Bangladesh sees a surge in violence against women and girls when it enters the final phase of its national plan to build ‘a society without violence against women and children by 2025’, says Human Rights Watch (HRW).
Particularly, during the Covid-19 pandemic, the domestic violence has increased, a trend, which, according to an HRW report, highlights long-term systemic barriers to legal recourse, protection, and social services.
“‘I Sleep in My Own Deathbed’: Violence against Women and Girls in Bangladesh” is the title of the report, released on Thursday. It interviewed 50 women and also referred to NGO hotlines that confirmed a rise in distressed calls.
The recent incidents of violence reportedly include rape, dowry violence, torture, burning, trafficking and abduction. A BRAC programme documented a nearly 70 per cent increase in reported incidents of violence.
At least 235 women were murdered by their husbands or families of their husbands in nine months of 2020, according to media reports collated by Ain o Salish Kendra.
Widespread protests have broken out in Bangladesh recently after several cases of sexual and physical abuse came to the fore.
“The uptick in violence against women and girls during the Covid-19 pandemic, as well as recent protests against sexual violence, are a bellwether to the Bangladesh government that urgent structural reform is needed,” the HRW’s South Asia director Meenakshi Ganguly said.
She insisted that the government should take concrete action by creating accessible shelters across the country, ensuring access to legal aid, and removing obstacles to reporting violence and obtaining justice.
The New York-based rights group has observed that many domestic abuse survivors literally have nowhere they can go to escape the violence because Bangladesh has too few shelter spaces.
For victims of gender-based violence, it apprehends, continuing to pursue a legal case for years on end might be too dangerous without protection measures or safe shelters.
There are an estimated 21 government-run shelters and 15 NGO-run shelters for survivors of gender-based violence in Bangladesh with over 80 million women. “This is deeply inadequate considering that most women in Bangladesh face some form of violence in their lives,” the HRW report pointed out.
Saying that Bangladeshi women and girls face endemic violence in all facets of their lives, the report quoted a women’s rights lawyer as adding, “Society thinks domestic violence is silly violence, that it’s something that normally just happens in the family.”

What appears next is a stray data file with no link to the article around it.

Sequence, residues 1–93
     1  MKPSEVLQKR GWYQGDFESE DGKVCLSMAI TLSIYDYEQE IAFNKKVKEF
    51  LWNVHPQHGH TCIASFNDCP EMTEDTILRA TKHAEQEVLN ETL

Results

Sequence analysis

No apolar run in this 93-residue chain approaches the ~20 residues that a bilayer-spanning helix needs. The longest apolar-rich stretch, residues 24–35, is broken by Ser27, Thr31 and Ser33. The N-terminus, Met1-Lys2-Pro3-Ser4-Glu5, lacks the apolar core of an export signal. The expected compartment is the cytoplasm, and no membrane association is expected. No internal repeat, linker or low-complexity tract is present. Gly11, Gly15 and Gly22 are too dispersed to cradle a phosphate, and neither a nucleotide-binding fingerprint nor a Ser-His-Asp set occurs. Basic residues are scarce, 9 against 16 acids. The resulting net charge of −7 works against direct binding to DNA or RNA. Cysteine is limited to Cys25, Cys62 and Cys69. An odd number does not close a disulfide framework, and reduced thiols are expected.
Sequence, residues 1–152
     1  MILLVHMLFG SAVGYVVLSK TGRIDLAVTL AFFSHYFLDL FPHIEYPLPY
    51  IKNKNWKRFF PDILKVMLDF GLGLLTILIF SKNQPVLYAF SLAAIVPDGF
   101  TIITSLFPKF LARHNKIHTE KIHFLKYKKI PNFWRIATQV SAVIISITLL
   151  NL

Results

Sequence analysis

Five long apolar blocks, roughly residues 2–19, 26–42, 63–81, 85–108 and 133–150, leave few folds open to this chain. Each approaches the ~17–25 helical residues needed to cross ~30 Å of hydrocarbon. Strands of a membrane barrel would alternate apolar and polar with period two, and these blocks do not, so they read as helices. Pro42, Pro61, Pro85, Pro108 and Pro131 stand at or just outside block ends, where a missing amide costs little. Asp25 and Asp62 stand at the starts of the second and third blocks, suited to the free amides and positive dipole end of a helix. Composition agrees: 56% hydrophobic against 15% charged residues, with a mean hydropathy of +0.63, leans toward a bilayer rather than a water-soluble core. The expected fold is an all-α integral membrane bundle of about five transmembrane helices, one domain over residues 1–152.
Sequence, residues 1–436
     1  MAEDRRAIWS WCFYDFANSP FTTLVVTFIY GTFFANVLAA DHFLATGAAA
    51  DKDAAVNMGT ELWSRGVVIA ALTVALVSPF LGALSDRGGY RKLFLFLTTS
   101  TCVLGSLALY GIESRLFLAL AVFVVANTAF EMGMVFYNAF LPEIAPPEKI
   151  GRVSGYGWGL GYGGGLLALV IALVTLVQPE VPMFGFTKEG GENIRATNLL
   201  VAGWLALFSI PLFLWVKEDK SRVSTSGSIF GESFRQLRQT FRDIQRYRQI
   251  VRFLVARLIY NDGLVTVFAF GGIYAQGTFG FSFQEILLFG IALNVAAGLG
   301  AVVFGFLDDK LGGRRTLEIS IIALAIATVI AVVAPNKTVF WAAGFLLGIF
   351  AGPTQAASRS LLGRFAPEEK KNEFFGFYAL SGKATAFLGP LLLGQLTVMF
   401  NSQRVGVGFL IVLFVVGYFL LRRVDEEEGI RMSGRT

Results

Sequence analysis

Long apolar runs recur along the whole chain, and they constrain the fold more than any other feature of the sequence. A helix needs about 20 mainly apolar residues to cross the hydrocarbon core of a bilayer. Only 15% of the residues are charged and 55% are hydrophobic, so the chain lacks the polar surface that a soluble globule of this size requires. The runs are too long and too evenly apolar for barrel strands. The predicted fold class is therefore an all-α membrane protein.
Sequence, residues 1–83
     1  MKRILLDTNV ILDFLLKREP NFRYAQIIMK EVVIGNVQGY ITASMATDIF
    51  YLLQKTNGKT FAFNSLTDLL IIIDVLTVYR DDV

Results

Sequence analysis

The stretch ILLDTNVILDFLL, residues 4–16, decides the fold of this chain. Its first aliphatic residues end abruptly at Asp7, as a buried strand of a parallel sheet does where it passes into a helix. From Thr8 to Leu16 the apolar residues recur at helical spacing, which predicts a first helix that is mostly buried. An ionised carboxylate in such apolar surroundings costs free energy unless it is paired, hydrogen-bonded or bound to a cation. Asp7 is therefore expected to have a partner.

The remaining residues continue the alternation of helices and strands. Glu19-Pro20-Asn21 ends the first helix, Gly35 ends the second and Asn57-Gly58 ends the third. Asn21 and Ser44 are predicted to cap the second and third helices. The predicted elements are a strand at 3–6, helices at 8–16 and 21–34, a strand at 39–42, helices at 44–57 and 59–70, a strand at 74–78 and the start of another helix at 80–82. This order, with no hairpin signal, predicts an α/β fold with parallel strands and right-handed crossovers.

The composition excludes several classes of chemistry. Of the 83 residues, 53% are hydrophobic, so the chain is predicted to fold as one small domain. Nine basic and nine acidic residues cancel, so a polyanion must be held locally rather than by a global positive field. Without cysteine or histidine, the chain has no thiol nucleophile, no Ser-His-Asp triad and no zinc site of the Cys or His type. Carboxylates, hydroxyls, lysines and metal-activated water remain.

Despite some important advances, the HRW found, the government response remains deeply inadequate, barriers to reporting assault or seeking legal recourse are frequently insurmountable, and services for survivors are in short supply.
Of more than 11,000 women who filed legal cases through one of the government’s nine One-Stop Crisis Centres for women and girls, only 160 resulted in conviction – about 1.0 per cent, according to the Multi-Sectoral Programme on Violence Against Women.
“Perpetrators of gender-based violence are rarely held to account in Bangladesh,” says the HRW.
It further mentioned that with a backlog of some 3.7 million cases, trials are often delayed or drawn out for years.
The HRW report has recommended improving access to services for victims of gender-based violence, including by establishing an adequate number shelters accessible to all survivors — at least one in every district — and providing survivors with financial support, housing, legal assistance, support services, counseling, and health and mental health services.
Apart from suggesting strengthening ongoing public awareness campaigns, it emphasised recruiting and retaining more female police officers, prosecutors, and judges.
The HRW also urged the government to consult women’s rights activists and legal experts to draft and enact a law to protect victims and witnesses.
“The Bangladesh justice system is failing women and girls with devastating consequences,” Ganguly said.
She argued that since protesters are calling for change, the government “should seize this pivotal moment to implement real reform that could save lives and promote the equal society it envisions.”